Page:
As a high-achieving Black girl, I expect myself to do well. I hold myself to higher standards so that others don’t have to. And because of this, I have to work twice as hard to celebrate myself when something incredible happens. I have to intentionally and consciously remind myself that every accomplishment, whether big or small (to me), belongs to me and is worthy of celebration. The (my) truth is, when the world expects greatness from you, you have to work overtime to appreciate your struggle.

To all those who know and love #highachieving Black girls and women, be mindful of how you respond to our sharing of accomplishments with you. Stop qualifying your well-wishes with your (undue) expectations for our successes. Be proud. Be happy. Be enthusiastic. But please, don’t be dismissive. We EARNED this. Acknowledge that or don’t say anything at all.

Are you a high-achieving Black woman with a similar story? I’d love to chat with you in the comments!

I’m Childfree By Choice: So Please Stop Bingoing Me!

I went back and forth about whether or not I wanted to write this for this platform. Everywhere I go I see post after post saying people without kids are “assholes”, “rude,” “mean,” “selfish,” and every other word in the book. This post originally appeared on my facebook, but I wanted to add it here and flesh out a few pieces for a greater audience because there just aren’t enough posts like these. I also feel like it can contribute to the conversation that is circling regarding Jeannie Mai and her husband’s impending divorce.  With this ridiculous disclaimer out the way….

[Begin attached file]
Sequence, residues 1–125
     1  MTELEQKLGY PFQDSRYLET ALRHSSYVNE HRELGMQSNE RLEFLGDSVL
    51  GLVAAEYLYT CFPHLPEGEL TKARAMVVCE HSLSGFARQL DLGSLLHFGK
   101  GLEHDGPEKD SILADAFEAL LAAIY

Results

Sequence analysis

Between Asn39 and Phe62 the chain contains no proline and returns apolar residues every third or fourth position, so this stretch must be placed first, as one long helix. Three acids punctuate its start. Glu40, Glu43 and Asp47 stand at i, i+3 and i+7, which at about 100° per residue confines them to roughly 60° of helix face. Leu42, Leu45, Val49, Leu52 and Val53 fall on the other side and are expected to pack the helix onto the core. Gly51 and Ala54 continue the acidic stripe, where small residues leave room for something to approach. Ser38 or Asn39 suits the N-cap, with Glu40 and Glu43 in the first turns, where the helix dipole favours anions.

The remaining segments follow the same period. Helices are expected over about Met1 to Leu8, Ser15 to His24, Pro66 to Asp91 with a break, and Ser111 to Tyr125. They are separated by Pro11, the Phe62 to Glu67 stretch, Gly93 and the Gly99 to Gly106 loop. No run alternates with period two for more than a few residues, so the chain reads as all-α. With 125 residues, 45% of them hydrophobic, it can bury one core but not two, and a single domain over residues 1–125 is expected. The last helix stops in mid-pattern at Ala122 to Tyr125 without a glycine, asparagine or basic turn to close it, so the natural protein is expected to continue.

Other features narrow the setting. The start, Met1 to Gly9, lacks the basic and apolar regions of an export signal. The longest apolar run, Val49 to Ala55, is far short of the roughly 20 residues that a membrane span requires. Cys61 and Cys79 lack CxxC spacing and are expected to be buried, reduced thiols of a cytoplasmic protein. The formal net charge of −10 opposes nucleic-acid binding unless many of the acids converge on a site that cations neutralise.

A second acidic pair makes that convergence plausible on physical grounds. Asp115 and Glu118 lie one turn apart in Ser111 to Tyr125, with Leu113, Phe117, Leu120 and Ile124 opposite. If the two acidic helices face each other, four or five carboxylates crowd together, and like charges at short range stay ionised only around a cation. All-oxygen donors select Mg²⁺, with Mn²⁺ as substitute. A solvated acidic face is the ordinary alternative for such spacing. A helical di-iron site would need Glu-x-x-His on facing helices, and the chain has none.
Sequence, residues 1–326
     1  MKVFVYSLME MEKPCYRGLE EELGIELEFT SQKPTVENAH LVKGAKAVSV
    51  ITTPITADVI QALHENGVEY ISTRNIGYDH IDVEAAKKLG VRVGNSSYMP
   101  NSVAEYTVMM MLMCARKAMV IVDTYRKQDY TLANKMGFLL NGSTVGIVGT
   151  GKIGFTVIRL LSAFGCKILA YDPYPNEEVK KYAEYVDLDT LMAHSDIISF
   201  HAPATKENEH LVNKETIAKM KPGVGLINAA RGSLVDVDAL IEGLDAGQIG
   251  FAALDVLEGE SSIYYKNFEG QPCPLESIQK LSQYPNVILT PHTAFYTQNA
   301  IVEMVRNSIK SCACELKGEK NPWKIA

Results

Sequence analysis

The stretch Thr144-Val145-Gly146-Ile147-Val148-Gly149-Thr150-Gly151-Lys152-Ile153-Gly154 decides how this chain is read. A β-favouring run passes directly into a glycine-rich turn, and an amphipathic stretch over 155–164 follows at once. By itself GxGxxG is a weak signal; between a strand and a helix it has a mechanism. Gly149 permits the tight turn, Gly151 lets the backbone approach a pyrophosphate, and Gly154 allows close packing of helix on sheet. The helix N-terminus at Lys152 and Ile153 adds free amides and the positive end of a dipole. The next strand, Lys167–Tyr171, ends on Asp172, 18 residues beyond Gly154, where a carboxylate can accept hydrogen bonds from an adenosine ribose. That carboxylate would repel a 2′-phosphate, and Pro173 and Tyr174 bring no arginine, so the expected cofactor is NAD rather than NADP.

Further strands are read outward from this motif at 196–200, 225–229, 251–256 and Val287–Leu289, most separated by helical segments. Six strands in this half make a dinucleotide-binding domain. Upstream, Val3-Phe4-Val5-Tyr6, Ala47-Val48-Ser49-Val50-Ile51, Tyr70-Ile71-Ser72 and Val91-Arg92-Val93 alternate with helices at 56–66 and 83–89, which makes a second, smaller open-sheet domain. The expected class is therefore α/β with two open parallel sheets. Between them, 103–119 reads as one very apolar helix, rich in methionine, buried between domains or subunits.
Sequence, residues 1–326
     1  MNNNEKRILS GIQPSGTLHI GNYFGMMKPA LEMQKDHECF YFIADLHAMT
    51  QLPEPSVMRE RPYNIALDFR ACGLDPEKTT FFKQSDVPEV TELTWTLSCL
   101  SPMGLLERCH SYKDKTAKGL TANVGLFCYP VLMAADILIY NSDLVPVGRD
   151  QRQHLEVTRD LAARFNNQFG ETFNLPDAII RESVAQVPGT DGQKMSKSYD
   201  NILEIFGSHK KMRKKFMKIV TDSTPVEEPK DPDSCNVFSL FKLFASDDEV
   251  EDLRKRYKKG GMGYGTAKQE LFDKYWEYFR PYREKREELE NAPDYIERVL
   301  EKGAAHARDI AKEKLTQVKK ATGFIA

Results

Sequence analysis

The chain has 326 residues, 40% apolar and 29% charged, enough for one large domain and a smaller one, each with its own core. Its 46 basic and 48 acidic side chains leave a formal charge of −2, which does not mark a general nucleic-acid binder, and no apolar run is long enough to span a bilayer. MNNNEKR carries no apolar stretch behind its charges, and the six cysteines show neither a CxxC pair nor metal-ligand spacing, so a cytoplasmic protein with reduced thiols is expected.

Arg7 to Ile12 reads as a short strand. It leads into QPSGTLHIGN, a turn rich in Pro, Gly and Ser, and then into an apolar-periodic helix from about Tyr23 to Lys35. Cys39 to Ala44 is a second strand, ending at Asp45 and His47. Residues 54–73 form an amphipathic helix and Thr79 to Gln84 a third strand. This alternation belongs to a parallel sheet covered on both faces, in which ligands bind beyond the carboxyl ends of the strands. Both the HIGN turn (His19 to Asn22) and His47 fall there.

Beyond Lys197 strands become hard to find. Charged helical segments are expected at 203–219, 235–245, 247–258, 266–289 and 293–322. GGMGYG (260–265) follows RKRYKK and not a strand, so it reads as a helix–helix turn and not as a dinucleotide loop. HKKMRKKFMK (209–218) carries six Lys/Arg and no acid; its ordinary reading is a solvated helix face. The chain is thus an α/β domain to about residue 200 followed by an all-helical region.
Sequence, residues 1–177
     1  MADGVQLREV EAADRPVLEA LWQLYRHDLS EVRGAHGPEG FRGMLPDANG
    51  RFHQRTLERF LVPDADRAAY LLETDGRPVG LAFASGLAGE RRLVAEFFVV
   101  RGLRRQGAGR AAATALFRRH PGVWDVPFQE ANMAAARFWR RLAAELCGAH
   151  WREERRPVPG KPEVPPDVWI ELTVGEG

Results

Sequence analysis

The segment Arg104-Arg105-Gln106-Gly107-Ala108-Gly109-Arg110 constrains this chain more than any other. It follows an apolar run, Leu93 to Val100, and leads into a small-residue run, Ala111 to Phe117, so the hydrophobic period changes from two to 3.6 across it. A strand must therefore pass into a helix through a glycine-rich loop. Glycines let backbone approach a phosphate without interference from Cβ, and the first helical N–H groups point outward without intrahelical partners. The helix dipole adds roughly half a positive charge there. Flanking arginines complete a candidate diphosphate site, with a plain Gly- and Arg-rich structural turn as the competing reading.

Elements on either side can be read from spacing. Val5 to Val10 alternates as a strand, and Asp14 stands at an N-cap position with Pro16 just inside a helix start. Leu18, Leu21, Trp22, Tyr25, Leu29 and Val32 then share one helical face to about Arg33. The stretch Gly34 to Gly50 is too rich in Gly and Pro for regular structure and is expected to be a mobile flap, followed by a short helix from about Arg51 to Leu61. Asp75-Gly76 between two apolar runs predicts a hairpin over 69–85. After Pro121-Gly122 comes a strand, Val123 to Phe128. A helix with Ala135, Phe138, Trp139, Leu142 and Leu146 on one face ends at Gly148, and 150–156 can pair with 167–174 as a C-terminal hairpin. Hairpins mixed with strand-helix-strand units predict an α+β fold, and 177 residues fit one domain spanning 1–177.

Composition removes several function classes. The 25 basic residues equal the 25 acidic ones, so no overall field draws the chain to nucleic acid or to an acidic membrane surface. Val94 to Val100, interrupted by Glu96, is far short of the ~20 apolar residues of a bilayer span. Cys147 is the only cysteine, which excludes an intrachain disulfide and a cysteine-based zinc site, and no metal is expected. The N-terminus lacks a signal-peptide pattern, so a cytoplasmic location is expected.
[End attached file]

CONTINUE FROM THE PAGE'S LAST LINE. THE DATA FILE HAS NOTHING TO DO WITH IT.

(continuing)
In the childfree community, we call it bingoing/being bingoed when people with children or those who buy into norms of having children say certain things to us because we have made a decision to opt out of parenthood. The decision of whether or not I wanted to parent became particularly salient for me when my ex-fiance and I went back and forth in the months leading up to our planned wedding date.


Well as you can guess by this post– that wedding didn’t happen. *Ba dun tisk*

Go head, laugh. I can *now* laugh about it myself; but it took a few months to get here. Anyway, I have been very forthcoming with people about the end of my last relationship and that at the core of this change was my lack of willingness to have children, to give up my dreams and goals associated with travel, and to stifle my career by placing another person’s vision of happiness above my own. Some people call this selfish, I call it self-awareness.

I think it is noble and nice that folks say their kids are the best thing to happen to them, and yet I see so many parents on my social media timelines and elsewhere who are utterly miserable. People who mention their lack of sleep, continued inability to save for a rainy day, find themselves consistently canceling plans because of a sick baby or unexpectedly busy co-parent,  etc.  and it’s touted as a badge of honor. I don’t purport to understand it and I have decided it’s not for me to do so. But gosh golly people. Canceling on the same friend every month? It sucks. Walking around a shell of who you are? It’s hard to watch. Asking me for money? Well, that’s actually no longer an option for anyone because I cannot help you.

What I do know is that I did not grow up with the life I felt I deserved. My parents did everything they could and I am grateful for every sacrifice they’ve made to get me here. It is not lost on me that my parents contributed greatly to the woman I am today. My parents worked to their bones to provide for my sister and I. I have watched as they gave everything they had and poured into us with a selflessness that I honestly think should be illegal. I am hyper-aware of the fact that my parents, who are low income by every measure I’ve come to learn as a social class researcher, have worked 40+ hours per week for the entirety of my life and they do not have enough to retire on. They have not because they sacrificed for us. And in many ways I’ve already made the decision to make sure they do not have to suffer for it.